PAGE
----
It’s my birthday, and I’ll cry if I want to.

Susan Sloan
May 20, 2020 · 4 min read
Photo courtesy of American University Women & Politics Institute. (L-R) Ambassador Bergdís Ellertsdóttir of Iceland, Ambassador Roya Rahmani of Afghanistan, Ambassador Mathilde Mukantabana of Rwanda, Ambassador Hunaina Sultan Al Mughairy of Oman, and WPI Executive Director Betsy Fischer Martin.

Today is my birthday. May 20th around 10:07 p.m. at Piedmont Hospital in Atlanta, Georgia to be exact. Looks like I have always been a night owl from the very beginning. My brain awakens in the evening and much of my best writing is done when the world quiets down into a slumber underneath the dark sky.

Looking back at the past year, while writing A Seat at the Table: Women, Diplomacy, and Lessons for the World, I estimate that I wrote more than 60% of the book in the late evening hours. Ideas and stories wrestled in my mind until I forced myself to close my computer.

With each birthday, I learn valuable lessons and become more in tune with my emotions. This past year was no exception. While interviewing leaders for the book, the discussions would strike me on an emotional level. The women shared touching, heartbreaking, and challenging anecdotes. One particular conversation with the Afghan Ambassador Roya Rahmani circles in my mind.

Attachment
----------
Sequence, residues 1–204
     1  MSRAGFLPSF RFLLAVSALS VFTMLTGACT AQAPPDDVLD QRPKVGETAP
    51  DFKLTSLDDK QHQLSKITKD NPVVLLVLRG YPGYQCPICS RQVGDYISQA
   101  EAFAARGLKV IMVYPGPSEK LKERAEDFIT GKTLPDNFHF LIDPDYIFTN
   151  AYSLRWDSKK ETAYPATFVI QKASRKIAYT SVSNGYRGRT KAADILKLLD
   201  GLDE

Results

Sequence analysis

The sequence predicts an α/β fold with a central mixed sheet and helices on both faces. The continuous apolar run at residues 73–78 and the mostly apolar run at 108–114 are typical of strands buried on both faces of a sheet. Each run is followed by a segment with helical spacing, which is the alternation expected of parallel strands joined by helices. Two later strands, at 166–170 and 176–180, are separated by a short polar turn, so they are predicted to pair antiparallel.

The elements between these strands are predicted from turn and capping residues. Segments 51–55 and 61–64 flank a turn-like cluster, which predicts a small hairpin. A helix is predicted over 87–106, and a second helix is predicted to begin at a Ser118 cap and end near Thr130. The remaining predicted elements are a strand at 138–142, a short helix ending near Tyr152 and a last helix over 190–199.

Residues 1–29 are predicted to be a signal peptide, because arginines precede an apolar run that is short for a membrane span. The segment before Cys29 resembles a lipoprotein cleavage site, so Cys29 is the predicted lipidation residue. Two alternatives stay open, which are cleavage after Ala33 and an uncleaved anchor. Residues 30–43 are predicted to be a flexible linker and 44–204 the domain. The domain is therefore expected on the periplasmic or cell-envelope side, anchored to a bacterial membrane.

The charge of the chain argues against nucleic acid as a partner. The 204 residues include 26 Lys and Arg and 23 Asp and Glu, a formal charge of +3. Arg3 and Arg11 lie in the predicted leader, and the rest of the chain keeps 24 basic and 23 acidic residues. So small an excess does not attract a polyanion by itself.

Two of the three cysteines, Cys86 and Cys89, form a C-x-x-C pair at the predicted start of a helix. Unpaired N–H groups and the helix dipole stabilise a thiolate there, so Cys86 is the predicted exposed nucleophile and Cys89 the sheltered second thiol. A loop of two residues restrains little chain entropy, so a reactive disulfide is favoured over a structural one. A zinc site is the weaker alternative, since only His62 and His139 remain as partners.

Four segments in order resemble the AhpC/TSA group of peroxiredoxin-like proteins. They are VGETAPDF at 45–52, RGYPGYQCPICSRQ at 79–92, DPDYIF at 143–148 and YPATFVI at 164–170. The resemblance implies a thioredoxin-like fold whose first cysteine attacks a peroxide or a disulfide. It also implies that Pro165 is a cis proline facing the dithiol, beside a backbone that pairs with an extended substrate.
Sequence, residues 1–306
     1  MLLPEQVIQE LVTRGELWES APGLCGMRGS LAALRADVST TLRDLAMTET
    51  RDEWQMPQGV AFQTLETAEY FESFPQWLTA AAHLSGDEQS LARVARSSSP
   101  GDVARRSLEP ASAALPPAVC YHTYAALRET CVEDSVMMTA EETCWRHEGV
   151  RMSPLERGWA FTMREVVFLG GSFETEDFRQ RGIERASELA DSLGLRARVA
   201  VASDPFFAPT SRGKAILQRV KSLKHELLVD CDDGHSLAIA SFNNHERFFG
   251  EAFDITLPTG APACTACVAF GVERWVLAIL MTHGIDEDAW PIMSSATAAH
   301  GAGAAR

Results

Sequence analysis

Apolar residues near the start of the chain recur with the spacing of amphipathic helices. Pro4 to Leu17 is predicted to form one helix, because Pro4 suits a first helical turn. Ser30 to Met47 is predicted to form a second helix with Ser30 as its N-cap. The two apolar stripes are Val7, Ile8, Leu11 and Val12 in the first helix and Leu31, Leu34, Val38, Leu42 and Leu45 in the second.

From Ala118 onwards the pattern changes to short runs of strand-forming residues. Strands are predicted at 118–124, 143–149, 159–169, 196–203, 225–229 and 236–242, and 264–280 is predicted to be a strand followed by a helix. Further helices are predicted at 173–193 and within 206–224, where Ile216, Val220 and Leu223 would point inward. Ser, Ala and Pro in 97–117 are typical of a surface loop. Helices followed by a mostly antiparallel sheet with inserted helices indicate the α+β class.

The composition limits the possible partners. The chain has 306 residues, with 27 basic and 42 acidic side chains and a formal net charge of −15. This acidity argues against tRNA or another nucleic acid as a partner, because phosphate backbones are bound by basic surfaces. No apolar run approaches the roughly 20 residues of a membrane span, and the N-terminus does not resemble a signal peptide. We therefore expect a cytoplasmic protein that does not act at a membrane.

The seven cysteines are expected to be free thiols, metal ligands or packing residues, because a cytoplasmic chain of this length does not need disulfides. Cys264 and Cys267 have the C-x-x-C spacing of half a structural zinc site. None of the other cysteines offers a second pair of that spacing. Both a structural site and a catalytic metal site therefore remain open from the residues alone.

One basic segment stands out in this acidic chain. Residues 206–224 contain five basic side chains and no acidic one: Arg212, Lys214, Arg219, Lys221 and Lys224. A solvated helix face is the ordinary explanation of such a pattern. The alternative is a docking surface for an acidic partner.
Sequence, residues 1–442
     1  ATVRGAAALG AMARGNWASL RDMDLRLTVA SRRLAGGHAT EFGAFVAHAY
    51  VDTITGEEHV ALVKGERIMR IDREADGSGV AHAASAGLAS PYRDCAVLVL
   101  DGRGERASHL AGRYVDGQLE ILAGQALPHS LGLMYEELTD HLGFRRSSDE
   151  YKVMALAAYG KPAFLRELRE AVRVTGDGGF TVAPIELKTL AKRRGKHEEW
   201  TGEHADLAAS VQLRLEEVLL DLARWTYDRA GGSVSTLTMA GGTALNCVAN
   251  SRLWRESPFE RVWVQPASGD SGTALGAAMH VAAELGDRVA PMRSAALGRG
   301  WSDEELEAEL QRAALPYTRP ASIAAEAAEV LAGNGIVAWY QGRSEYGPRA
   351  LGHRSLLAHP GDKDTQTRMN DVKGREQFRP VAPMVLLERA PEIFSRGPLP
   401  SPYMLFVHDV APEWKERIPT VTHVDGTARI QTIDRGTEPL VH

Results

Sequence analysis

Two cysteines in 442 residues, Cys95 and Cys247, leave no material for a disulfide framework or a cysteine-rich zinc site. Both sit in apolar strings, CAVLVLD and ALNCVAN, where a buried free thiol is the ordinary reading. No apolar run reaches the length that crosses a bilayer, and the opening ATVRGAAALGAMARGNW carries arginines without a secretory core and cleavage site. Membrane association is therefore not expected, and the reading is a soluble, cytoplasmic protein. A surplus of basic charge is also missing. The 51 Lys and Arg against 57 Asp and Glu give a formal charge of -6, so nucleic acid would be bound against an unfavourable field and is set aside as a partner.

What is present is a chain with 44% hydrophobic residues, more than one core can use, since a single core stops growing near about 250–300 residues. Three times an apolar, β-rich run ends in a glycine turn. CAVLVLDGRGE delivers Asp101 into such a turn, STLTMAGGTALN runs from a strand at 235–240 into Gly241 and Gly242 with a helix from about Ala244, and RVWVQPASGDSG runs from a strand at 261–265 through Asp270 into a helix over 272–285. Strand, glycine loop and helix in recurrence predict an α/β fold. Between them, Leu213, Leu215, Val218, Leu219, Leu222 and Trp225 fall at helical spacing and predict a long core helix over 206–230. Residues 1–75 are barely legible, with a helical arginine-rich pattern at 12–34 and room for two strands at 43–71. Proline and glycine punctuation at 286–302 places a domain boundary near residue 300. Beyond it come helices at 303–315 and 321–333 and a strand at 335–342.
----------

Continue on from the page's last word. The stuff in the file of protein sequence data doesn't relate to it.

Our in-person interview was rescheduled a few times due to news of the Taliban being invited and disinvited to Camp David for negotiations, Afghan elections, the U.S. declaring a potential troop withdrawal from Afghanistan, and attacks by suicide bombers in her country. Rahmani was slightly busy.

Her staff arranged a phone interview to make the conversation possible. To write her story, I read articles where she was quoted, looked at photos, and watched videos of her speaking. With her loose-fitting hijab gracefully framing her face, her wide eyes show purpose and direction. Her lips are typically painted in shades of red or pink, pursed into a smile.

In her childhood, her family was pushed out of their home and fled to Pakistan along with many Afghans escaping the conflict. Her journey eventually led her west where she attended McGill University in Canada. She returned to her home country after graduation to work with nonprofit organizations focused on women’s education and human rights. Later, she attended Columbia University for a master’s degree and became a Fulbright Scholar. The year 2011 marked when Rahmani joined the Afghan government, first in the Ministry of Education, and then in the Ministry of Foreign Affairs.

In the book, I write in detail about her struggles and triumphs in diplomacy. Challenges and tough decisions fuel Rahmani’s fire. Her mantra is “very simple — quitting is not an option.” At the time of the interview, Rahmani was one of four Afghan women serving as ambassadors.

As the Ambassador of Afghanistan to the U.S., Rahmani said she doesn’t want to lose sight of the “huge responsibility” of being posted in Washington. This city is a pivotal location for crucial decision-making on a daily basis. Government officials write reports, present data, and create statements that “impact the lives of people they never knew and will never know.” The choices made in Washington often touch human beings that will never set foot in this city.